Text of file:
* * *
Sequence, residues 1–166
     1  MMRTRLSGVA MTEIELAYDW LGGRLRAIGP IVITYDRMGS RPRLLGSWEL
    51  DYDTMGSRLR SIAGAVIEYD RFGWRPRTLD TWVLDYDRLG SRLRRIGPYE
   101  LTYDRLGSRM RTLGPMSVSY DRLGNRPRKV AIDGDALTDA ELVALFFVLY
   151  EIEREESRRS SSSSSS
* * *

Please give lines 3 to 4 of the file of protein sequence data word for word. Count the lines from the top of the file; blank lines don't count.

    51  DYDTMGSRLR SIAGAVIEYD RFGWRPRTLD TWVLDYDRLG SRLRRIGPYE
   101  LTYDRLGSRM RTLGPMSVSY DRLGNRPRKV AIDGDALTDA ELVALFFVLY